Into the Ancient: 
 AV talks with Peter Phippen


Peter Phippen

Peter's website

Listen to Peter Phippen






Into the Ancient

AV:  Tell me about your relationship to music in general growing up and how it influenced your perception of your life & how it has evolved the path you were on over the years as you came of age.

PP:  I believe my mother was my first music teacher. Not that she taught me to play anything, she taught me how to listen. I grew up in the foothills of the Adirondack Mountains in upstate New York and when I was about four or five years old she started taking me for picnic lunches into the deep woods. After the little picnic lunch of a sandwich, bag of chips, bottle of Coca Cola and an apple or an orange, she would ask me,”What do you hear?” She would not settle for the easy answers, like the wind in the trees, or the birds singing. She wanted me to listen deeply to hear what many would not be aware of; such as the wind blowing through the tall grass, or if there happened to be a small brook, quarter of a mile away. It was very interesting to me that she taught me this when I was so young. I didn't realize until I started playing the flute how much her listening lessons had affected me. I started paying attention to every little detail. So I believe that my mother was my first music teacher. My perception of music changed once I started playing with other musicians, well before I played the flute. I was always amazed how many musicians would play and not listen to the whole while they were playing.


So my path evolved as a listener and then a player, my main instrument was Fender electric bass. So you had to listen. You had to follow. Be it a singer, guitarist, pianist, whoever you were playing with, you had to follow. That was my role as a musician for many, many years.

AV:  When was it that the flute became your musical focus? What was it about the flute that offered you the perfect way to express your emotions and your musical ideas to the world?

PP:  I started playing the flute in early March 1987 by accident. A bamboo penny whistle from India was my first flute, and the art professor at the University of Wisconsin Eau Claire, Tiit Raid, heard me play this little whistle and the next next day he gave me a bansuri bamboo flute from India and told me “Peter, if you're going to play the flute, play this one.” Shortly after that, the Professor of Flute at the University of Eau Claire, Wisconsin gave me a bamboo shakuhachi, a professional one. So I had two really good flutes now and at this point, I thought it'd be a great hobby as a bassist. When the rock band I was a member of embarked on our next tour after my discovery of the flute, my keyboard player found an older, badly cracked bamboo alto flute in Louisville, Kentucky. He bought it for a dollar and gave it to me. It didn't play of course because it was leaking air. At our next stop in St. Louis, Missouri, I took it to a repair shop and had it repaired. When I played that flute for the first time, that's when the light bulb went off in my head. Everything I wanted to express, any emotions, any feelings, any musical ideas that came to me were there.The whole song was in that bamboo tube. That's the flute that started everything off. I began playing it all the time. While on tours, we had 8 to 12 hour van rides, during which I'd sit in the back of the van and play the bamboo flute, much to my bandmates' chagrin. After every show I would play in the hotel, and in the afternoon before soundchecks; any chance I had I'd play that old bamboo flute. I started carrying that flute with me everywhere I went. I still do, it’s never very far away even though I have many flutes now.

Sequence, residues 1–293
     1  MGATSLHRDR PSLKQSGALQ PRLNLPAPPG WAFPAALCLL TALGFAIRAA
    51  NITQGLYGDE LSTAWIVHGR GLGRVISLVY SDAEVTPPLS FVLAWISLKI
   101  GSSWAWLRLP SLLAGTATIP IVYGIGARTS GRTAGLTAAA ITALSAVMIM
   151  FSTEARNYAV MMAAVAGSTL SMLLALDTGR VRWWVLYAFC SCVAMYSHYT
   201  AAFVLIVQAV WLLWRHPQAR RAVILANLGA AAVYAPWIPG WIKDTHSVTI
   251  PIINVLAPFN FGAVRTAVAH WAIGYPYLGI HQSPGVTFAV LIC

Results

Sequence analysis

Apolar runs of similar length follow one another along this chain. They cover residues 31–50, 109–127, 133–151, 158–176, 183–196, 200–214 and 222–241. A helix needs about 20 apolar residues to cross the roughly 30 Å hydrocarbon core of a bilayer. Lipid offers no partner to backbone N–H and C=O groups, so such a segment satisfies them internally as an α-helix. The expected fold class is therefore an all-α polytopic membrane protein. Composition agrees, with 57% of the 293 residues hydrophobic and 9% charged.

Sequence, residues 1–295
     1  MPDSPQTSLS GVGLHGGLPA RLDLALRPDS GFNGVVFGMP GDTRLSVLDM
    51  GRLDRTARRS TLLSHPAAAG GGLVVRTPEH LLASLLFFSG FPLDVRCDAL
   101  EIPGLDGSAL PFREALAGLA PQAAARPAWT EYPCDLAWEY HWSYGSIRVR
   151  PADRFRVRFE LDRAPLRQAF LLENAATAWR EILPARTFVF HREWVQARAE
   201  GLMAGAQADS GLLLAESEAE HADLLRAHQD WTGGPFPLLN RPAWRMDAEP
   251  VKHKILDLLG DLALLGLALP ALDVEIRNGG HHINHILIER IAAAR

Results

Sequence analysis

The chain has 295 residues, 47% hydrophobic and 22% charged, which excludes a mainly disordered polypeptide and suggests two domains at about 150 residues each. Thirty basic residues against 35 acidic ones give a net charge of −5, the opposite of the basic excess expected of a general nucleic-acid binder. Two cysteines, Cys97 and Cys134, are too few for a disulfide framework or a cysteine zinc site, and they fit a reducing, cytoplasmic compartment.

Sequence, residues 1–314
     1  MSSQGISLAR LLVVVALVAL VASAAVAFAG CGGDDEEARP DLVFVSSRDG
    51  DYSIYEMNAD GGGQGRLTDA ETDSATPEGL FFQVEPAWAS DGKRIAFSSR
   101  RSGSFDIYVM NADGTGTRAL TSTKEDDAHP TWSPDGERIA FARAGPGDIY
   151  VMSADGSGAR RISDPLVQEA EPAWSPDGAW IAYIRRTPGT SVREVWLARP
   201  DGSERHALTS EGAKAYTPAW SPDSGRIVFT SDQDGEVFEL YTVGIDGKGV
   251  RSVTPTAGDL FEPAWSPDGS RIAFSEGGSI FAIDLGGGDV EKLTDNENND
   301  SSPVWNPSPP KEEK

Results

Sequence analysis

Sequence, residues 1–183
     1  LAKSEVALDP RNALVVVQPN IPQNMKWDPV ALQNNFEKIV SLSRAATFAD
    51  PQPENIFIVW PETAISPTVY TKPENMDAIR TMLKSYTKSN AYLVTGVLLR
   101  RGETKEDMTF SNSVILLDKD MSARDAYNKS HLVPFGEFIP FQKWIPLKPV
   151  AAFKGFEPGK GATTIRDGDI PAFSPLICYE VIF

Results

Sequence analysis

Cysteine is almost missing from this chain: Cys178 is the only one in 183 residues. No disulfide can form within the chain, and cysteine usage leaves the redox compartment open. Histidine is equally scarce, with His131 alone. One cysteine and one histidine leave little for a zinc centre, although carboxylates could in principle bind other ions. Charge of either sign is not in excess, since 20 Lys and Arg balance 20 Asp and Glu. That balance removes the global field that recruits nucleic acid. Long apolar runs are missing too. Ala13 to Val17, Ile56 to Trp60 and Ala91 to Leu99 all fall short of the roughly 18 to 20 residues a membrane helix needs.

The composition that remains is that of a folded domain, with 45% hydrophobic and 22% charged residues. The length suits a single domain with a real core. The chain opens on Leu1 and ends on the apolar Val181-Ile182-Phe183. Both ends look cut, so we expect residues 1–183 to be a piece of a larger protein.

AV:  For you though it wasn’t just about the music you were making when you played but you also have spent a considerable amount of time learning about the traditions behind the flute and the many styles of playing that fascinated you as well. Tell me about what your studies of the flute have brought to your understanding and your playing that would not have been there otherwise.   

PP:  Early on, I realized I needed to learn more about each individual flute that came into my collection. Between March 1987 and March 1988, I had been given 40 flutes from all over the world. I started thinking, “Well what do I know about these instruments? I know what they're called in their culture.” So I went to the library and started hitting the books and records of flute recordings from all over the world. I tried to know as much about each aerophone as possible. At this point, it's kind of funny because I was teaching myself how to play these instruments. They say you should have a teacher and I would agree with that. But on the other hand, there are two ways to play: the technical and the spiritual. Since I had no teacher, I relied on the library books and recordings. I began memorizing the traditional folklore stories of the instruments.

I began improvising at this point, really allowing the flutes to play themselves. I also began to approach the flute from a very Taoist philosophy: everyday something is taken away, so if you can say something with one, two, three, or four notes; really say something, then that's good. It slowed down my playing and I found myself playing fewer notes. At this point I noticed when I would play a rock show as a bassist that the more I played the flute the less I would play on the bass. So it started affecting not only my flute playing, but everything. This is still something I'm working on today. Say it with one note. Say it with two notes. My goal is to play something memorable with emotion and immense feeling and never show off.